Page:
Beijing seeks to undermine human rights agencies by financing and stacking them, U.S. official says.
By Alex Willemyns for RFA
February 9, 2023
Wendy Sherman, deputy secretary of state, arrives ahead of a Senate Foreign Relations Committee hearing on “Evaluating U.S.-China Policy in the Era of Strategic Competition” on Capitol Hill in Washington, D.C., Thursday, Feb. 9, 2023.
China’s government has “penetrated” the United Nations, undercutting its oversight functions by stacking bodies like the U.N. Human Rights Council with its own people, U.S. Deputy Secretary of State Wendy Sherman told a Senate hearing on Thursday.
Asked by Senate Foreign Relations Committee Chairman Bob Menendez about State Department efforts to push back against China’s “systematic effort to subvert the ability of the United Nations human rights system,” Sherman said that it was important for the United States to maintain representation at the organization.
“You’re quite right, the Chinese operate in the U.N. system very effectively,” Sherman told Menendez, a Democratic senator from New Jersey. “They have put people in junior positions, which you simply can sign up for financially and put people into slots, and then those people move up the chain in the U.N. system.”
Sherman said the State Department had “a lot of work to do” to counteract Beijing’s growing influence at the United Nations.
“Our U.N. ambassador, Linda Thomas-Greenfield, is very engaged in looking at all the ways that Chinese have penetrated the U.N. system and figuring out with our [State Department] International Organization Bureau ways to challenge all of that,” she said.
Sen. Bob Menendez, D-NJ, chairman of Senate Foreign Relations Committee, gestures during a hearing on “Evaluating U.S.-China Policy in the Era of Strategic Competition” on Capitol Hill in Washington, D.C., Thursday, Feb. 9, 2023. (Gemunu Amarasinghe/RFA)
The Trump administration withdrew the United States from the U.N. Human Rights Council in 2018. Russia and China, which was then also on the council, subsequently moved to cut funding for U.N. human rights work. The Biden administration rejoined last year.
Menendez, for his part, mused to Sherman that the U.S. government could adopt the same strategy of stacking U.N. agency staffing lists with its own people to counteract China’s putative efforts.
“Not to want to copy too many things from Chinese, but we could definitely take a lesson from their paper,” he said, noting Beijing had “methodically implemented their people in a way that ultimately leads them to have influence on a wide variety [of bodies] across the U.N. – and that's not the only place, [also the] World Health Organization”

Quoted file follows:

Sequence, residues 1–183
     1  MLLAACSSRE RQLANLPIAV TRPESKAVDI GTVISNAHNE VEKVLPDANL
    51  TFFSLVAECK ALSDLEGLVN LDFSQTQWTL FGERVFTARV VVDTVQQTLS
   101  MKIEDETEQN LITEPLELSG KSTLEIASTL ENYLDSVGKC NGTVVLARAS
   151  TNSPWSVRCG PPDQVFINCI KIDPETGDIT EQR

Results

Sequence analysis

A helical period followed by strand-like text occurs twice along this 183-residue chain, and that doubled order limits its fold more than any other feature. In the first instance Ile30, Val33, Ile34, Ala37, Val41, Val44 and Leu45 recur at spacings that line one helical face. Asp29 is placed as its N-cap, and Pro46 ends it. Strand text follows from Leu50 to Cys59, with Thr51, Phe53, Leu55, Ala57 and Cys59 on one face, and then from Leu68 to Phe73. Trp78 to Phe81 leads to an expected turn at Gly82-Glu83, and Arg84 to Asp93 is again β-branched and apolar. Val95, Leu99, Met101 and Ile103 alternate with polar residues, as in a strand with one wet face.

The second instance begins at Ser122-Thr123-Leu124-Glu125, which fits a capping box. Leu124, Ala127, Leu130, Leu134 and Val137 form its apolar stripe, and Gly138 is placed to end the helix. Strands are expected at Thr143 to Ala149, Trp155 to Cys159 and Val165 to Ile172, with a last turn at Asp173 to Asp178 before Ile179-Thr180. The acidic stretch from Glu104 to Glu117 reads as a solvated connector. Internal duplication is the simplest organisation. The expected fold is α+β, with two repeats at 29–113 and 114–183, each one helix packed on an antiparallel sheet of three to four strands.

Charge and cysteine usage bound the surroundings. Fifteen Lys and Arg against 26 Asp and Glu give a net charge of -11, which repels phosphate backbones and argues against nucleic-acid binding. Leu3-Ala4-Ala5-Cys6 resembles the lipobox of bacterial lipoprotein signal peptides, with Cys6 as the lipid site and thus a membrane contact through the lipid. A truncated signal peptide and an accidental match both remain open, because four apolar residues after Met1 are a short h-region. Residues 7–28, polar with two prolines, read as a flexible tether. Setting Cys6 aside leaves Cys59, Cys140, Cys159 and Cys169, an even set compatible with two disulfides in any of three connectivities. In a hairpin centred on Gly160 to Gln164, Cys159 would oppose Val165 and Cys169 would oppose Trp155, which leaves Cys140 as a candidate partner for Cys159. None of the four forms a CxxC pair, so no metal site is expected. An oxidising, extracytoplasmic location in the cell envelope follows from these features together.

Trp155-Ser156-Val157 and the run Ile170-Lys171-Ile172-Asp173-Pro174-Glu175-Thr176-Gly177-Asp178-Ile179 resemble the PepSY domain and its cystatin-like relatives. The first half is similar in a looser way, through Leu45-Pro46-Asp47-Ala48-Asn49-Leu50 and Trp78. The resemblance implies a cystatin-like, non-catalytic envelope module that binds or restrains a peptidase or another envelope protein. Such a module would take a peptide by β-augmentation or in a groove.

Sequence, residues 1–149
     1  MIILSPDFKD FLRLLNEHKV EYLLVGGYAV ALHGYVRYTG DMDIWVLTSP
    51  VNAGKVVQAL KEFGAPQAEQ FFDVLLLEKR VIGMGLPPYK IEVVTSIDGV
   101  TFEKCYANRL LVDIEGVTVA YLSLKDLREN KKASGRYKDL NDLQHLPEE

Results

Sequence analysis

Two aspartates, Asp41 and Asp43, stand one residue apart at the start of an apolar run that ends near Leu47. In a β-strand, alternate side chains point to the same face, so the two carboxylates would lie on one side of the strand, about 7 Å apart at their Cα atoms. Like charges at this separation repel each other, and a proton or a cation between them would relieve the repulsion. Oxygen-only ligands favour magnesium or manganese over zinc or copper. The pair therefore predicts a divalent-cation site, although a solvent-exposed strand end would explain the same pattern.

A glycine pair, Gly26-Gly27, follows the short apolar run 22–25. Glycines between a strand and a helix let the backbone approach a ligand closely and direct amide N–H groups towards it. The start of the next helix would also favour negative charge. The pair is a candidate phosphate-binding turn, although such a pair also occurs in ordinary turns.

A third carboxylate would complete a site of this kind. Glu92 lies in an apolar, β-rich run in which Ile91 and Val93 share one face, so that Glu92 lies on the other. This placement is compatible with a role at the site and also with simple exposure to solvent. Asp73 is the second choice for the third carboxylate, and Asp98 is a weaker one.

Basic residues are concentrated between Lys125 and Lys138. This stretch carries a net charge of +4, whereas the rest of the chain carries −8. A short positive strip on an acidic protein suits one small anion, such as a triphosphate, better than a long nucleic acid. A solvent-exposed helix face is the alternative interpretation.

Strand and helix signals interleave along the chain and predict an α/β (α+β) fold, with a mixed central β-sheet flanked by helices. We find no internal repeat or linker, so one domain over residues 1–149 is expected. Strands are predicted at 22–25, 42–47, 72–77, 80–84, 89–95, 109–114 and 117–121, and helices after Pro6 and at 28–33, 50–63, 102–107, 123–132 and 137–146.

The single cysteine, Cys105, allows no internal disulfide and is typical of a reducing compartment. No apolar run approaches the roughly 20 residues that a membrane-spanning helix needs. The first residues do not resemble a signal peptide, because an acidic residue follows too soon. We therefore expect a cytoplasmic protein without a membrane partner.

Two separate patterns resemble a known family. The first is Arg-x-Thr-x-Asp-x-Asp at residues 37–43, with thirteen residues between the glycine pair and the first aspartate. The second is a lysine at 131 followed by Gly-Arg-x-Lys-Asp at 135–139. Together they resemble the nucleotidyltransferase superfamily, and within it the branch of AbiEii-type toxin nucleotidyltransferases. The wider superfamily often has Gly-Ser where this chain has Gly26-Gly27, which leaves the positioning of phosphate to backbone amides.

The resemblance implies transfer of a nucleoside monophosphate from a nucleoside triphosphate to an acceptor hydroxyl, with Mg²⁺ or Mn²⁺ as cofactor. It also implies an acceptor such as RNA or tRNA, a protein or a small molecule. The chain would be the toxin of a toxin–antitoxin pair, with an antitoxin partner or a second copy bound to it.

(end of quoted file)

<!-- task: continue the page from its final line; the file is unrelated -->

‘Every nook and cranny’
Sen. Jim Risch of Idaho, the ranking Republican member of the Senate Foreign Relations Committee, echoed the comments.
“They've got a particular target for the U.N.: to get involved there in every nook and cranny that they can,” Risch said, before adding he was concerned that the Chinese government was “doing a similar thing here in the United States, at the colleges and universities.”
He noted many Confucius Institutes, which have been labeled “foreign missions” by the U.S. government, have been shut down, but that “the Chinese now, instead of going to the Confucius Institute, are buying chairs in the various departments or they’re funding research.”
“I was staggered by the amount of money that China is putting into these universities,” he said. “When this happens, there is no doubt that those colleges and universities are going to get soft on China.”
Wendy Sherman [right], deputy secretary of state, and Ely Ratner, assistant secretary of defense for Indo-Pacific security affairs, attend a Senate Foreign Relations Committee hearing on “Evaluating U.S.-China Policy in the Era of Strategic Competition” on Capitol Hill in Washington, D.C., Thursday, Feb. 9, 2023. (Gemunu Amarasinghe/RFA)
Sherman responded that daylight was the best disinfectant.
“As you point out, after peaking at 100 Confucius centers in 2018, there are now only about 15,” Sherman said. “So putting a spotlight on these issues is very critical to putting pressure on universities to understand what's happening and what they're doing.”
The hearing closed with Sen. Mitt Romney, a Republican from Utah and former presidential candidate, calling for the State Department to develop a classified “comprehensive strategy” for countering Beijing.
The strategy would guide all U.S. government decisions about, among other things, “our research and development investments,” “access to our universities,” “military procurement,” “visas we provide to the Chinese” and “social media strategies,” Romney said.
Sherman said the work was time-consuming but officials were “working on every one of those tactical areas you identified.”